Sweden’s KTH scientists have made their see-through transparent wood composite 100% renewable and more translucent by infusing wood with a clear bio-plastic made from citrus fruit.
First developed by the KTH team in 2016, this transparent wood material has been touted as one of the most innovative new structural materials for building construction. It lets natural light through and can even store thermal energy.
The key to making wood into a transparent composite material lies in stripping out its lignin, the major light-absorbing component in wood.
This however has an adverse effect as the empty pores left behind by the absence of lignin need to be filled with something that restores the wood’s strength and allows light to permeate.
While fossil-based polymers were earlier used to fill up these pores, the KTH team has now successfully tested a more eco-friendly alternative called limonene acrylate – a monomer made from limonene – to do the job.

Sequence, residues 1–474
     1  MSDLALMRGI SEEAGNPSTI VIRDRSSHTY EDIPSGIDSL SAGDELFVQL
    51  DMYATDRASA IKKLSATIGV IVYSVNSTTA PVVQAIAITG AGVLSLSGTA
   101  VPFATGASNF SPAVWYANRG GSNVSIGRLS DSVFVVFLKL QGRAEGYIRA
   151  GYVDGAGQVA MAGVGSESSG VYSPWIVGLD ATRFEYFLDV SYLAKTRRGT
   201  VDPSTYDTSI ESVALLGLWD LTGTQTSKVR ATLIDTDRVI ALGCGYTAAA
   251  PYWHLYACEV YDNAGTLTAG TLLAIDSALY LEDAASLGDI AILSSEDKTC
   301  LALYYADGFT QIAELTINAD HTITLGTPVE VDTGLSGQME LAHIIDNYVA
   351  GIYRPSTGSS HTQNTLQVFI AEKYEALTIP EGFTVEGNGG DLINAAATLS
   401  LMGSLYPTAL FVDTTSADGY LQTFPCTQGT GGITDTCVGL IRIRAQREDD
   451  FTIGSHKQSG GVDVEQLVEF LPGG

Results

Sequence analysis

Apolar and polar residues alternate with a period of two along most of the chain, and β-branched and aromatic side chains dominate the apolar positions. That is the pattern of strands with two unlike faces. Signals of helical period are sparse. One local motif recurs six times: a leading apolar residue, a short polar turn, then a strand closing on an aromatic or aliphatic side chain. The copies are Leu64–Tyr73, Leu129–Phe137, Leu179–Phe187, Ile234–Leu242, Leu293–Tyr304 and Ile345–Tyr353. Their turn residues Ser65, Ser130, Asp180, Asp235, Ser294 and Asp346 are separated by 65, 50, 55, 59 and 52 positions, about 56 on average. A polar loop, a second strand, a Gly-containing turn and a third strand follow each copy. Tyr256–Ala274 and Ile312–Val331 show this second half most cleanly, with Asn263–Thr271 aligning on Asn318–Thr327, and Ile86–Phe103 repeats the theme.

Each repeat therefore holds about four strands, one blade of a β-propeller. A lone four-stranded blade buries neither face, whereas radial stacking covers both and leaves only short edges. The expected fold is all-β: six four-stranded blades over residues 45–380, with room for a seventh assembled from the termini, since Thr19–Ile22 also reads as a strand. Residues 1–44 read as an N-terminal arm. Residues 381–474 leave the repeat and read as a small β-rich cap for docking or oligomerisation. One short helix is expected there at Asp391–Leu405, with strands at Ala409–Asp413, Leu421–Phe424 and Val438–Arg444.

“The new limonene acrylate it is made from renewable citrus, such as peel waste that can be recycled from the orange juice industry,” says lead author and PhD student Céline Montanari.
According to Montanari, the new composite offers optical transmittance of 90% at 1.2 mm thickness and remarkably low haze of 30%.
Moreover, unlike other transparent wood composites developed during the past five years, this new citrus-infused material is mainly intended for structural use.
It has also proven to have heavy-duty mechanical performance with a strength of 174 MPa (25.2 ksi) and elasticity of 17 GPa (or about 2.5 Mpsi).
Possibilities for this new material include smart windows, wood for heat-storage, and wood that has built-in lighting function, says KTH’s Department Head for Fiber and Polymer Technology, professor Lars Berglund.
“We have looked at where the light goes, and what happens when it hits the cellulose.”
“Some of the light goes straight through the wood, and makes the material transparent. Some of the light is refracted and scattered at different angles and gives pleasant effects in lighting applications.”
Image and content: Céline Montanari/KTH Sweden